Shalimar the Clown: A Novel by Salman Rushdie
Shalimar the Clown is a masterpiece from a writer that I personally hold as one of our greatest writers. As in Satanic Verses, Midnight’s Children or Haroun and the Sea of Stories, he brings together the fiercest passions of the heart and the gravest conflicts of history into an astonishingly powerful, breathtaking story.
Max Ophuls’ memorable life ends violently in Los Angeles in 1993 when he is murdered by his Muslim driver Noman Sher Noman, also known as Shalimar the Clown. At first the crime seems to be politically motivated – Ophuls was previously ambassador to India, and later US counterterrorism chief – but it is much more.
Ophuls is an ambivalent figure — half giant and architect of the modern world (next to being a Resistance hero and best-selling author, brilliant economist and clandestine US intelligence official), half a mean and miserable and narcissist egomaniac. Such it is as Ambassador to India that the seeds of his doom are planted, thanks to another of his self pictures – irresistible lover. Visiting the Kashmiri village of Pachigam, Ophuls lures an impossibly beautiful dancer, the ambitious (and willing) Boonyi Kaul, away from her husband, and installs her as his mistress in Delhi. But their affair cannot be kept secret, and the Boonyi is returned home, disgraced, bereaved of her just born child by Ophul’s revengeful wife, on top of being drug addicted and obese as consequence of the machinations of Ophul’s factotum. It seems that all she has waiting for her is the inevitable revenge of her husband: Noman Sher Noman, Shalimar the Clown.
But the main story is only part of the story. In the intricate patterns of this novel’s magic carpet everything is connected, and everyone is a part of everyone else. Shalimar the Clown is a true work of the era of globalization, intricately mingling lives and countries, and finding unexpected and sometimes tragic connections between the seemingly disparate. The violent fate of Kashmir recalls Strasbourg’s experience in World War II; Resistance heroism against the Nazis counterpoints Al-Qaeda’s terror in Pakistan, North Africa and the Philippines. 1960s Pachigam is not so far from post-war London, or the Hollywood-driven present-day Los Angeles where Max’s daughter by Boonyi, India Ophuls, beautiful, strong-willed, modern, waits, as vengeance plays itself out.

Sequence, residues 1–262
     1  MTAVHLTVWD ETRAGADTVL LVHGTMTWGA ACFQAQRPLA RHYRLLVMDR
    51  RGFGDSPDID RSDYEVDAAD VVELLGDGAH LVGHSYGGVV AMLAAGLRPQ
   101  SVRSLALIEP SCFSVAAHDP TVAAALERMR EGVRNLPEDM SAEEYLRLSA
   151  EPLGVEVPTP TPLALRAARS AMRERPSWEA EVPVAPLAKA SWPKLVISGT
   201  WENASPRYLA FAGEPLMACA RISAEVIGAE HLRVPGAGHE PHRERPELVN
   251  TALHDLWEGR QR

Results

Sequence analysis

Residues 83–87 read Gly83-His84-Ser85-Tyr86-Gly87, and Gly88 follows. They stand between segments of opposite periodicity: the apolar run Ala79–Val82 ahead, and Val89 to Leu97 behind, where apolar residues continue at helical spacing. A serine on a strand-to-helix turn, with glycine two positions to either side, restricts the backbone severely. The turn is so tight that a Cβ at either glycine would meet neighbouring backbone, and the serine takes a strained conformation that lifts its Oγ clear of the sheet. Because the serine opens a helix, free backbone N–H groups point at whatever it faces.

The protagonist’s love binds together the Hindu dancer Boonyi Kaul and her childhood sweetheart, Shalimar the clown, son of a Muslim family. Their passion becomes a marriage solemnized by both Hindu and Muslim rites, but as Boonyi seduces the American ambassador, Shalimar turns into a terrorist. The depiction of this transformation is an even more impressive an achievement of the book, when one considers that Rushdie has spent years under police protection, hunted by zealots, going through sufferings that have been poured into the novel in ways which ring hideously true. Bit by bit, Shalimar becomes a figure of supernatural menace.
A ravishing love story, intensely political and historically informed, Shalimar the Clown is also profoundly translating history into the human, an involving story of people’s lives, desires and crises portraying fanatical mullahs as fully as documentary filmmakers, rural headmen as completely as British spies; he describes villages that compete to make the most splendid feasts, the mentality behind martial law, and the celebrity of Los Angeles policemen, all with the same sweeping brilliance. All those details are woven a magical tale under two revolving planets that steer a world where the dead speak and the future can be foreseen.
Shalimar the Clown is steeped in both the Hindu epic Ramayana and the great European novelists, melding the storytelling traditions of east and west into a magnificentl blend – and serves, itself, as a corrective to the destructive clashes of values it scorchingly depicts. It is enthralling, comic and deep. Shalimar the Clown is also a powerful parable about the willing and unwilling subversion of multiculturalism. And for those readers who even in this post-September-eleventh era continue to cling to American narcissism, the parable grows more urgently pointed: Ophuls and Boonyi conceive the above mentioned daughter, who is taken away at birth and in due time becomes a beautiful, troubled, privileged ignoramus in Los Angeles. About Shalimar the clown, her mother’s husband, she doesn’t have a clue. It is not her fault. Is it our fault of those who never pay much attention to the rest of the world? But one day, without any warning, two planes smashed into the Twin Towers, and now (wake up and run!) Shalimar the clown has arrived in Los Angeles.